function).

What be in along with the increasing studies concerning causal reasoning is the

introduction of Bayesian principles into cognition field. Previous studies have suggested

that many constituents of human cognition, including categorization, decision-making,

social cognition as well as causal reasoning we put a focus on at present, approximately

follow Bayesian principle in processes(Chater, Oaksford, Hahn, & Heit, 2010; Thomas L

Griffiths, Kemp, & Tenenbaum, 2008). In addition to the general principle, Bayesian

networks (also known as causal graphical) model provided a specific framework for

causal learning within representing causes and effects as nodes, and directed relationship

as directed arrows among them(Pearl, 2000). Furthermore, it also provided a convenient

way to simulate the effects of interventions, which are acted by learners intentionally and

provide more information than pure observation, by leaving specific value of nodes free

to be intervened.

As shown in previous studies, children have ability to learn causal relations from a young

age(Gopnik et al., 2004; Gopnik, Sobel, Schulz, & Glymour, 2001; Gweon & Schulz,

2011). For example, Gopnik and colleagues used series studies with original paradigm,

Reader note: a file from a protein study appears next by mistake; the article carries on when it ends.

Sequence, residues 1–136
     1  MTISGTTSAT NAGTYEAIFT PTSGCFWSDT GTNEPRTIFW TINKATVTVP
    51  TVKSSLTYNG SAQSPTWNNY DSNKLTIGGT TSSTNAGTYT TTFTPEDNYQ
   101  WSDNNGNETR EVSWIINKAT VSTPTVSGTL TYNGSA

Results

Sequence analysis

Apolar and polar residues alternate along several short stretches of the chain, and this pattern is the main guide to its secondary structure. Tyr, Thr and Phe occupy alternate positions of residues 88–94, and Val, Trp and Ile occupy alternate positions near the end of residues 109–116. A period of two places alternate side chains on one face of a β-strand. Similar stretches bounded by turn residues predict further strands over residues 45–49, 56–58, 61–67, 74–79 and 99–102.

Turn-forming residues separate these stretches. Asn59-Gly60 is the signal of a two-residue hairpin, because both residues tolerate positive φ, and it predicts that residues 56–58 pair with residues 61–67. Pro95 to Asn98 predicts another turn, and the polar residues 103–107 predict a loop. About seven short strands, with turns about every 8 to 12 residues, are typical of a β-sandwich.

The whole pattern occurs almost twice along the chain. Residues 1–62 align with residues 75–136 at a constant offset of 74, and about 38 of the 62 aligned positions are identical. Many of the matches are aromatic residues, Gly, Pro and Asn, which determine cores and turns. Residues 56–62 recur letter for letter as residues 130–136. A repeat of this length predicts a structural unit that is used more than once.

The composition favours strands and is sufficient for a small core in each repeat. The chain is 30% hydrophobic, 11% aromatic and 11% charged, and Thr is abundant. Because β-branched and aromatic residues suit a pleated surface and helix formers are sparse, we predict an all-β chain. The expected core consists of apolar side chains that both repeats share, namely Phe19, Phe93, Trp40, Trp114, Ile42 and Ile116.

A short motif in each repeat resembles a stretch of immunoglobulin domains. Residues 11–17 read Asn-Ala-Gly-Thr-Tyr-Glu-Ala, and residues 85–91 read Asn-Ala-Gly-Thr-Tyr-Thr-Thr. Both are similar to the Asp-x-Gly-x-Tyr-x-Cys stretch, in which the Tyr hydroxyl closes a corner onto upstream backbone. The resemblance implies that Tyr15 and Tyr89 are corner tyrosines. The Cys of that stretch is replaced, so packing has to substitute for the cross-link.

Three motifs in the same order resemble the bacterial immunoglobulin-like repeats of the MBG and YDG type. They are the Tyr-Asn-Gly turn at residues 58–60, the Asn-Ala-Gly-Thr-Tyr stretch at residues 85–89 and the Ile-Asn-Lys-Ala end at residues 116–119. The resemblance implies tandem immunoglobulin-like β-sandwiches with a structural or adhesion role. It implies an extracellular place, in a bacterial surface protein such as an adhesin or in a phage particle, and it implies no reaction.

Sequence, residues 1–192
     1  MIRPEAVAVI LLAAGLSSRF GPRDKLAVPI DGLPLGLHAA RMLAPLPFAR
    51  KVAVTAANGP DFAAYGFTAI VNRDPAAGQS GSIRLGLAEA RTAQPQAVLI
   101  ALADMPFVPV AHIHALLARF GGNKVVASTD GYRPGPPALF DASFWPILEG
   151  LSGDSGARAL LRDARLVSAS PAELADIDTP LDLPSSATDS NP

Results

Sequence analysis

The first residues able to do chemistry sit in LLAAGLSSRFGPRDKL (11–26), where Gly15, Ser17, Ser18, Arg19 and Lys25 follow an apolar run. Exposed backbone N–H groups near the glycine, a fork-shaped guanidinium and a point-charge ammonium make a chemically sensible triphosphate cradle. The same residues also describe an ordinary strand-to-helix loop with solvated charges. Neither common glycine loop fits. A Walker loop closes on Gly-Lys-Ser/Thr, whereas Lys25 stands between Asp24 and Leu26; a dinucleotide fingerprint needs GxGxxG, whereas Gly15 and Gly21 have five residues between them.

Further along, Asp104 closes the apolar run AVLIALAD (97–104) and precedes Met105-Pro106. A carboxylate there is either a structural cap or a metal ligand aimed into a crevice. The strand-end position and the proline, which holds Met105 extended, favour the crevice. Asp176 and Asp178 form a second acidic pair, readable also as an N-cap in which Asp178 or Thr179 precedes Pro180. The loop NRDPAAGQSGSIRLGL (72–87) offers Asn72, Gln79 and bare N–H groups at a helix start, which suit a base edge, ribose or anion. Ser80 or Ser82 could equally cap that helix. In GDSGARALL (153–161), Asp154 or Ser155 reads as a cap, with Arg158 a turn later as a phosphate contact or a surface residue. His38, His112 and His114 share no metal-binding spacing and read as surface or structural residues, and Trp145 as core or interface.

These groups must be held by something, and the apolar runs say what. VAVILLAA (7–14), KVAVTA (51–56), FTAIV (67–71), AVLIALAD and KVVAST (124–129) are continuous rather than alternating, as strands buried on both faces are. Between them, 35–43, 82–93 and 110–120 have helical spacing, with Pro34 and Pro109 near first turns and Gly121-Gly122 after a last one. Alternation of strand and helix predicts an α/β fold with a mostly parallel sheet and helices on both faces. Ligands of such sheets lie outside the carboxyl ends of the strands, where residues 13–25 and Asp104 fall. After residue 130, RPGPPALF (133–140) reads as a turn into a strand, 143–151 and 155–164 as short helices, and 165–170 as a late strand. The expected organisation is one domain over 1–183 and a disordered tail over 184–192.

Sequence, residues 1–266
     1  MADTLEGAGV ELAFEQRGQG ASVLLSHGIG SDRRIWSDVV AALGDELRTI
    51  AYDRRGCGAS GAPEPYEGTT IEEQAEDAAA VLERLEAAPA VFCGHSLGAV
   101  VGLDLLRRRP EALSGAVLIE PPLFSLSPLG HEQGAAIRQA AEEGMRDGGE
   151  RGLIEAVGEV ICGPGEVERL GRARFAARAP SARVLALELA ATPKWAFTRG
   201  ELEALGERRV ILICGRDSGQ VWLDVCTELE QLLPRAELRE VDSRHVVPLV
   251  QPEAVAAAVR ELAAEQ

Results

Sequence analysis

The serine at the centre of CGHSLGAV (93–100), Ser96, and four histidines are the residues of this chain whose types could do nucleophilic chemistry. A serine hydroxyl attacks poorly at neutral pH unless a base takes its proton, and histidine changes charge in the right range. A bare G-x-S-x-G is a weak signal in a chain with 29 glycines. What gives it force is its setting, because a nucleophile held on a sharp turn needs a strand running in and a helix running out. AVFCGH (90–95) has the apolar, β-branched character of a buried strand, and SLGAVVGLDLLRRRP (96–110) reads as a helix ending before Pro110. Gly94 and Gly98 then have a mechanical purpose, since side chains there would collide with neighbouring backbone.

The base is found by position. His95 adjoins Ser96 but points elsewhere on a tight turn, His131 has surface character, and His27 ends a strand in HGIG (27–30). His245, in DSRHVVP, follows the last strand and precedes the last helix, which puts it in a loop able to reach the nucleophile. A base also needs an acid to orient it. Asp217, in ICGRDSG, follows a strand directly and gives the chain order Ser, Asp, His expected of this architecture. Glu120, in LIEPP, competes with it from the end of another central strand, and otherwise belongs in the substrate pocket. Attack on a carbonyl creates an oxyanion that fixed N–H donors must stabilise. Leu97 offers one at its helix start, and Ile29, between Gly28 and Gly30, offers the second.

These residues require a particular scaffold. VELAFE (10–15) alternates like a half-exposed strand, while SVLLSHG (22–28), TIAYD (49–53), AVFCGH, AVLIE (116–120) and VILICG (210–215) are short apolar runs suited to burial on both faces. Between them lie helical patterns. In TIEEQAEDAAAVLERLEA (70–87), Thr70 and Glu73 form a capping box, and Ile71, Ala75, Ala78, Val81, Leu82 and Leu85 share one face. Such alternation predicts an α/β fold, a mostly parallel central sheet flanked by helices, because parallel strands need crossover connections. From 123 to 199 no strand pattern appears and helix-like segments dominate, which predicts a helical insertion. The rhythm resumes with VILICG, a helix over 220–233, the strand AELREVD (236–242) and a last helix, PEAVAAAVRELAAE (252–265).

namely blicket detector, to explore the causal ability in 30-month-old children. They

found that the causal learning of those children could make use of conditional

independence information and distinguishable from pure operant conditioning,

trial-and-error learning, association and imitative learning(Gopnik et al., 2001). After

making up the gap between predictions and actions by utilization of eye movements,

causal ability could even be traced to age beyond 12 months(Sobel & Kirkham, 2007).

Subsequent studies also suggested that the causal learning of children benefited from

interventions of their own(Gopnik et al., 2004; Schulz, Gopnik, & Glymour, 2007) which

was consistent with results of adults(Sobel & Kushnir, 2003). Furthermore, the processes

of children were also claimed to be approximate Bayesian inference(Sobel, Tenenbaum,

& Gopnik, 2004).